LiPO cell an excellent power source for Wixel!

Just want to pass something along. I’ve an ongoing wixel project where only one side transmits, and the transmitter must be powered by battery. I’m transmitting a packet about ever 200mS and flashing a LED or two, and my normal average circuit draw is about 7mA.

Anyway, I want to mention that I’ve been having great success and some unexpected happy surprises powering the wixel with a 200mAh LiPO battery. The one I’m using I got from HobbyKing. (its much smaller than the photo)… … duct=23313

So fully charged, this battery will power my transmitter for a full 24 day. Now LiPO batteries don’t like to be drained too far, and you should NEVER let them get down below 1.8 V. But if you add code to put the wixel into sleep mode if unattended, and make sure to set up all the wixel pins to avoid driving anything before you go into sleep mode, it will draw less than 80uA and so protect the battery for days.

P0DIR = P1DIR = P2DIR = 0;
P0SEL = P1SEL = P2SEL = 0;
SLEEP = (SLEEP & ~3) | 2; // SLEEP.MODE = 2 : Selects Power Mode 2 (PM2).
__asm nop __endasm;
__asm nop __endasm;
__asm nop __endasm;
if (SLEEP & 3)
PCON |= 1; // PCON.IDLE = 1 : Actually go to sleep.

But it gets better! Once the battery gets down around 2 V, and you’re in sleep mode, the current drops even further, to the point where I don’t think it would ever damage the battery.

But who wants to mess with a special LIPO charger right? Well you won’t have to! The VALT pin of the wixel puts out 4.5 V when the USB is plugged in. If you add another diode and a 10 ohm resistor, you can run your battery through an SPDT switch so that one switch direction powers the wixel, and the other switch direction connects to VALT through this added diode and resistor. The diode blocks the battery from ever reverse powering the wixel, and along with the resistor this makes a nice current limited 4 volt source, which is a perfect charger for this little 200mAh LiPO cell!!! When the battery is pretty well drained and you plug in to a USB port a and make this connection, the circuit will initially supply a little more than 100mA (just a 1/2C charge rate) which will quickly begin to taper off. Since the voltage beyond the added diode and resistor will not exceed 4V, the current effectively drops to nothing as the battery reaches full charge. 4.2V is the safe limit for most LiPOs anyway, so there’s a safe margin and you won’t be able to leave it charging for too long.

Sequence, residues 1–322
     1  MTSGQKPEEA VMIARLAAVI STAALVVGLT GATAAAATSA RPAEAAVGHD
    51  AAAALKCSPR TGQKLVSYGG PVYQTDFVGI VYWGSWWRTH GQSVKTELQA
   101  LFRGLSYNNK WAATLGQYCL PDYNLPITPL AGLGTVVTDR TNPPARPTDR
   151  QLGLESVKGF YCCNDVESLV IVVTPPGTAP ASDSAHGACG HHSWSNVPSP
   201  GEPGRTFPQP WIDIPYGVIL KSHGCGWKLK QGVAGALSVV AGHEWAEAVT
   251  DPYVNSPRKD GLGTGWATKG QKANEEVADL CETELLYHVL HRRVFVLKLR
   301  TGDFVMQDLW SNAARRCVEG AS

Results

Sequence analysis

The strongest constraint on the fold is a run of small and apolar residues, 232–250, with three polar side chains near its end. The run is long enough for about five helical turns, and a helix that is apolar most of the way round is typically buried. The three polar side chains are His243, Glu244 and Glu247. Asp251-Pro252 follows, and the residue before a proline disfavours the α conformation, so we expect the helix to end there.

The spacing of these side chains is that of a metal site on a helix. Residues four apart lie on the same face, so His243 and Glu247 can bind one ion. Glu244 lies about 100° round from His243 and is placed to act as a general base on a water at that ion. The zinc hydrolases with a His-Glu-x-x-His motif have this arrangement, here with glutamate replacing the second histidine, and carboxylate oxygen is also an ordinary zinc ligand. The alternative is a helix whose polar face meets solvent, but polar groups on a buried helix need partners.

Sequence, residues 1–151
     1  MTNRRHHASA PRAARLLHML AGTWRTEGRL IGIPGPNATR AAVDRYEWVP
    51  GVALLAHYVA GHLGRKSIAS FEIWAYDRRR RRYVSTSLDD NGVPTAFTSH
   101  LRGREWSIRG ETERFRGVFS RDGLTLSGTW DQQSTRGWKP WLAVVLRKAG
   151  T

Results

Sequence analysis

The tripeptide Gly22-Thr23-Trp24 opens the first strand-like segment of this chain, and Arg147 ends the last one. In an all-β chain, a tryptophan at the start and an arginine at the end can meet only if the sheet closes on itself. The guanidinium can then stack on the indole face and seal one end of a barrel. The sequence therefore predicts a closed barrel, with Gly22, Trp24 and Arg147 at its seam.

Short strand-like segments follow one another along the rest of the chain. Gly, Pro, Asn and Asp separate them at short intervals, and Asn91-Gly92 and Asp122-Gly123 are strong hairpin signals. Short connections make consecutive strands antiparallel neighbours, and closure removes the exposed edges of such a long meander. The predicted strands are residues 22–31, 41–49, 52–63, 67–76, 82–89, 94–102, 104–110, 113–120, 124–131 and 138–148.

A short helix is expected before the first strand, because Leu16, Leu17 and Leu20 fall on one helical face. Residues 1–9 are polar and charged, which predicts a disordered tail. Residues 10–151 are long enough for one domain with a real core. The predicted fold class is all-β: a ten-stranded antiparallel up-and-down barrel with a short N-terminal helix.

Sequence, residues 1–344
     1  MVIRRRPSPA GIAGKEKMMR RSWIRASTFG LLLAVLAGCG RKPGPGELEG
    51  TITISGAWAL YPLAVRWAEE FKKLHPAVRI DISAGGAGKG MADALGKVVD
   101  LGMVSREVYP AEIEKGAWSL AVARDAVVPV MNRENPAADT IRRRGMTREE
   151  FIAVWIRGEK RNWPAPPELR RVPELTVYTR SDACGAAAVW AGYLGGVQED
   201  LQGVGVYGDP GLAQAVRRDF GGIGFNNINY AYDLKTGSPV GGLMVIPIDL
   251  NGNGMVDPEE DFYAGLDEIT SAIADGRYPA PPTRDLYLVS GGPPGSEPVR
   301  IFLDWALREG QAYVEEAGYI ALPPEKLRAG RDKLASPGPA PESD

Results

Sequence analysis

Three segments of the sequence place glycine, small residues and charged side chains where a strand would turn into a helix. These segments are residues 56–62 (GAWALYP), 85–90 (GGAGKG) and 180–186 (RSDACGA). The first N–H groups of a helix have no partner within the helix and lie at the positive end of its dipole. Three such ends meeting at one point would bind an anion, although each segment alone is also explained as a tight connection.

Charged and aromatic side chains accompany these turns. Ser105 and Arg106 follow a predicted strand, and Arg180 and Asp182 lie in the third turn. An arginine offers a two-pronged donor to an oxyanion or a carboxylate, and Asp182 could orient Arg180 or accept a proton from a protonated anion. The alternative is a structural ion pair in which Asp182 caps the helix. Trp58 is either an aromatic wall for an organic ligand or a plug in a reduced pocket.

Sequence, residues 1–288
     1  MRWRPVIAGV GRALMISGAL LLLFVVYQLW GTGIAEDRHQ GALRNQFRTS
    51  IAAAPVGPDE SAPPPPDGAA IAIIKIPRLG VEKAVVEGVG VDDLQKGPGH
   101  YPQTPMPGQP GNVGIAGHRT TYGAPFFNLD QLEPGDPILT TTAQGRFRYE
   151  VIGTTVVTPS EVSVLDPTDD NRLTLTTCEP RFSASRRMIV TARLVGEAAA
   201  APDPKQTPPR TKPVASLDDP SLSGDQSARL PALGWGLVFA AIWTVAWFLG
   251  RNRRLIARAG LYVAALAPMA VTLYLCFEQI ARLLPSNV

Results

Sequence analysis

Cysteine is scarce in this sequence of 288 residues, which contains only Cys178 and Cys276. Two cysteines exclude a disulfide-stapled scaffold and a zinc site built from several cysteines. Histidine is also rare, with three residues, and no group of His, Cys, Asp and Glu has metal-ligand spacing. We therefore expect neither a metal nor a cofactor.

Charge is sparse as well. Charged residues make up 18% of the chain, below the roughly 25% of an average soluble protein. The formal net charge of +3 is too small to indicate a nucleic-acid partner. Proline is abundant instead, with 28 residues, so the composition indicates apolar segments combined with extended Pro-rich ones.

Granted you shouldn’t leave it charging forever, and the above is not a FAST way to charge. In my case I’ve found it will take about 6 hours to approach a full charge. But it is a safe and cheap way to charge the LiPO cell, and a slow charge will actually allow it to have many more charge cycles than charging at a higher rate.

Anyway, I Hope this is useful for someone else. As ready made prototype boards go, the wixel is about as perfect a match for a single cell LiPO supply as I’ve ever seen!


Thanks for sharing your advice and experiences!


One update though, D2 in in your “Wixel power system schematic diagram” must be a germanium type?

I ask because I measure its typical voltage drop at about .3 v, not the usual .5- .6 I’d expect from silicon. So sure enough, if I leave the charge circuit I described above connected for a long time, say 20 hours or more, it will charge the Li-PO to a hair over 4.2 volts. This is actually even better as far as getting an absolute max charge out of the battery, because 4.2v is really the most ideal target charge voltage. However, since it does eventually go a “hair” over 4.2, I probably would not want to leave it charging this way indefinitely, or just forget that its plugged in.

The Wixel’s D2 is a Schottky diode and I think the voltage drop you are seeing is not that atypical for that kind of diode.